Lenzelle Smith, Jr. required stitches for a cut over the eye but still managed his career second-best game with 18 points.
The very best teams usually have enough components to offset a poor effort by one player with an unexpectedly good one by another.
Last weekend at the Sweet 16 and Elite Eight, Ohio State demonstrated just such an ability.
With the Buckeyes receiving much-less-than-expected outputs from their lone senior, William Buford, sophomore guard Lenzelle Smith, Jr. stepped up with the second and third-highest-scoring games of his career.
Against Cincinnati in the Sweet 16, Smith hit 7-of-8 shots from the floor, including 3-of-4 from beyond the arc, for 17 points. He also collected six rebounds and dished out two assists while committing no turnovers.
In the Elite Eight victory over Syracuse, Smith shot 40 percent from the floor and was 3-of-6 from three-point range. He also made 7-of-9 free throws for a total of 18 points.
Have I mentioned that prior to last weekend Lenzelle Smith, Jr. was averaging just six points a game?
Needless to say, Smith has been the X-factor that helped punch Ohio State's ticket to New Orleans. Can Smith do it again and will the Buckeyes need him to do it?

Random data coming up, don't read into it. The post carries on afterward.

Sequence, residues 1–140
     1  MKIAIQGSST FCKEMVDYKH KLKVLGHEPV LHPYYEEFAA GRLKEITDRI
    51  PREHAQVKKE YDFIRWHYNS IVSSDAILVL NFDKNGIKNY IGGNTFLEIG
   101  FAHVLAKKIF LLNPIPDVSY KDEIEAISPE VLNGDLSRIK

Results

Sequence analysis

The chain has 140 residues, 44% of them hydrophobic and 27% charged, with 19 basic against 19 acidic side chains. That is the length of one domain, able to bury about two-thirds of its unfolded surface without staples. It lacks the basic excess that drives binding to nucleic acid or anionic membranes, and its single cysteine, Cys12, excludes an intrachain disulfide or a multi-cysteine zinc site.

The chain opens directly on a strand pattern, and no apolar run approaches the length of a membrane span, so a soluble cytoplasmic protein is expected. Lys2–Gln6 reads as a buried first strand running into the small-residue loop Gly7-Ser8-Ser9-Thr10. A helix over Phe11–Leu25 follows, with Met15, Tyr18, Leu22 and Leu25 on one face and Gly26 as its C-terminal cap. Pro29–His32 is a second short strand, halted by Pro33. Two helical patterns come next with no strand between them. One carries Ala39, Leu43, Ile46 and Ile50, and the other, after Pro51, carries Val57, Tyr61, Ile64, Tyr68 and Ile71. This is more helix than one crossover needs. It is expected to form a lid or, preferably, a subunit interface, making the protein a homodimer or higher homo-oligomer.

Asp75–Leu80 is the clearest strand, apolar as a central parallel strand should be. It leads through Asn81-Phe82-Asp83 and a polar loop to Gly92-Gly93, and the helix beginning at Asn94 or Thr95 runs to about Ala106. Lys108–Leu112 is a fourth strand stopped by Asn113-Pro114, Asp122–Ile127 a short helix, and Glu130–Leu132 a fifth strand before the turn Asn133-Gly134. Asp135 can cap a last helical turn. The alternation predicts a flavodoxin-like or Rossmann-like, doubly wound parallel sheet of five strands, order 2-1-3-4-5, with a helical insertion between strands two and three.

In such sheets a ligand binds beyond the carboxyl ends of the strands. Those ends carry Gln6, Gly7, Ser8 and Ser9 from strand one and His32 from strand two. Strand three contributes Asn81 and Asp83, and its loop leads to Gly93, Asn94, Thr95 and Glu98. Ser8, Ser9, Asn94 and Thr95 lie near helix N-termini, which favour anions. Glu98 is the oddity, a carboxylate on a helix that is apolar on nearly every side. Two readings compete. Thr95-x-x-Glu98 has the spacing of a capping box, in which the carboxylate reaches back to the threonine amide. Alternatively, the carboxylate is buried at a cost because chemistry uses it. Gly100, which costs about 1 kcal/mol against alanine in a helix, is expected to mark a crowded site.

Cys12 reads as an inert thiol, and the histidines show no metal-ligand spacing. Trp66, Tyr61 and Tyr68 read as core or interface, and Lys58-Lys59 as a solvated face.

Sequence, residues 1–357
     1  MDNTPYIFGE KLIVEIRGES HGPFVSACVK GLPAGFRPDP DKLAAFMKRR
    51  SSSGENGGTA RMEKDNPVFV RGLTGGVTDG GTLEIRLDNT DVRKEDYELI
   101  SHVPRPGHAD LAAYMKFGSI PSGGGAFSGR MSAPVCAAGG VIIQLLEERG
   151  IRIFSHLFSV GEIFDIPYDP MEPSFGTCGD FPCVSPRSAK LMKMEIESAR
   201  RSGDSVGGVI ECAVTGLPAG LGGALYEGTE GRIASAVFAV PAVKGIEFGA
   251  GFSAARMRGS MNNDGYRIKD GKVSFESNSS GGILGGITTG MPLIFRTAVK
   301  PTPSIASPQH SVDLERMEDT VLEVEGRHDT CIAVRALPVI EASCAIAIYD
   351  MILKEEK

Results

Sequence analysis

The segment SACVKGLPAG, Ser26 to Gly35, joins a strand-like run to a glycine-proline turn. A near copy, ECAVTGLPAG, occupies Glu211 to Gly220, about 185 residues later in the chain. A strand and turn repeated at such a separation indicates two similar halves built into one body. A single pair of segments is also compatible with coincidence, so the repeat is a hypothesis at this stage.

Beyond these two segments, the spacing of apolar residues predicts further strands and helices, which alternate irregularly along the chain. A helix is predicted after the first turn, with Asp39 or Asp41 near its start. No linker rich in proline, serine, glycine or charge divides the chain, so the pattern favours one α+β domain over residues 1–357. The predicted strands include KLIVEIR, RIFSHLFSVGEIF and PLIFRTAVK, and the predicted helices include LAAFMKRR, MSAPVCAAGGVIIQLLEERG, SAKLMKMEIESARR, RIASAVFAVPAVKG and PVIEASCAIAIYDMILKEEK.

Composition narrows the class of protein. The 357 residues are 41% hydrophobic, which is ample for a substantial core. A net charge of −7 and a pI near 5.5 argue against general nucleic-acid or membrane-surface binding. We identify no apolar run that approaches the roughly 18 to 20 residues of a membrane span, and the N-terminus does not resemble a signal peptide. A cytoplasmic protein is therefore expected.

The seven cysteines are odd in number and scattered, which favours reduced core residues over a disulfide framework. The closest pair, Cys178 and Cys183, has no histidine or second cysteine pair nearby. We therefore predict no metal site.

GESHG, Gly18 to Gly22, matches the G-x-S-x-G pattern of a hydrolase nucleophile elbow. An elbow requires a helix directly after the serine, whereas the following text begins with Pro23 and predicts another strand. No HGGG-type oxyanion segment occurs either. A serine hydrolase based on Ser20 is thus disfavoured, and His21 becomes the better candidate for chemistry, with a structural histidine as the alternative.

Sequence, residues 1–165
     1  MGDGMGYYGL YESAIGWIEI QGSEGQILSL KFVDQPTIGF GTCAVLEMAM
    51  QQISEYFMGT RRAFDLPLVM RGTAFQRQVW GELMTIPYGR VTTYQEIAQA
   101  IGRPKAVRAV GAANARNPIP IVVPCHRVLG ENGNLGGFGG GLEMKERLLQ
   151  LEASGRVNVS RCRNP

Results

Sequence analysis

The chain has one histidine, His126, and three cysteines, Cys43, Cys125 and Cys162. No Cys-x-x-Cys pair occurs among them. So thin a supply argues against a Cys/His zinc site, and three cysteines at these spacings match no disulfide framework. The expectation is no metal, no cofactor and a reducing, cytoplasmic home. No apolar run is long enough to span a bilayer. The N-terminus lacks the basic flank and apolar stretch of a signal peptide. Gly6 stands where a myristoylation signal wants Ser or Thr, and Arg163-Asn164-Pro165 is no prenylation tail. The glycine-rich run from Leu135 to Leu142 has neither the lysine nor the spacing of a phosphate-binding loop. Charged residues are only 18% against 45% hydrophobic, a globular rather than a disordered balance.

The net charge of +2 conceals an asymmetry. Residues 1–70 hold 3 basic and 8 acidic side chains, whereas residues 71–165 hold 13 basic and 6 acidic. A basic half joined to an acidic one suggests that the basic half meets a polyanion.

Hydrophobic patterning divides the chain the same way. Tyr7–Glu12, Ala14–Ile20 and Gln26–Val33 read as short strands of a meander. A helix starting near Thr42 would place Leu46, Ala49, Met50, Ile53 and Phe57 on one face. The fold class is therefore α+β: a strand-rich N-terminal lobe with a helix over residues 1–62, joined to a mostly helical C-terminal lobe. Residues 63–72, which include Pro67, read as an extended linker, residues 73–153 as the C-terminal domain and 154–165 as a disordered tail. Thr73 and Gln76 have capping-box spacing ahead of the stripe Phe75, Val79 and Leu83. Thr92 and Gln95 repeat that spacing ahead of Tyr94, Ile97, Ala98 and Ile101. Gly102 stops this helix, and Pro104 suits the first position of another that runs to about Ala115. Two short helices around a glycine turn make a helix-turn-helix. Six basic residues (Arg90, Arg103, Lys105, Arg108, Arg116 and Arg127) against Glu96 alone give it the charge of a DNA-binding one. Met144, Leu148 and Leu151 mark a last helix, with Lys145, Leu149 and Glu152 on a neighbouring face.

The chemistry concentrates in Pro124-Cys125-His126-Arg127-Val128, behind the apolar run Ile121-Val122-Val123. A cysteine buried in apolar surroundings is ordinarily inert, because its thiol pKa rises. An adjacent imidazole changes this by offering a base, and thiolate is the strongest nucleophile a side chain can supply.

Bill Self's Kansas Jayhawks won it all in 2008. But, win or lose this weekend, many consider this his best coaching effort ever.
Yes, Bill Self is one of the two remaining coaches who has a national championship to his credit (Rick Pitino being the other), but might this be ranked as his finest hour as a coach thus far in his career?
The Kansas Jayhawks lost 68 percent of their scoring from last year's Big 12 regular season and conference tournament champions, a team that made it to the Elite Eight.
The departures included four of their five top scorers.
Since finishing second in his first year at the helm, Self's Kansas teams had reeled off seven straight seasons in which they either won or shared the Big 12 regular season championship.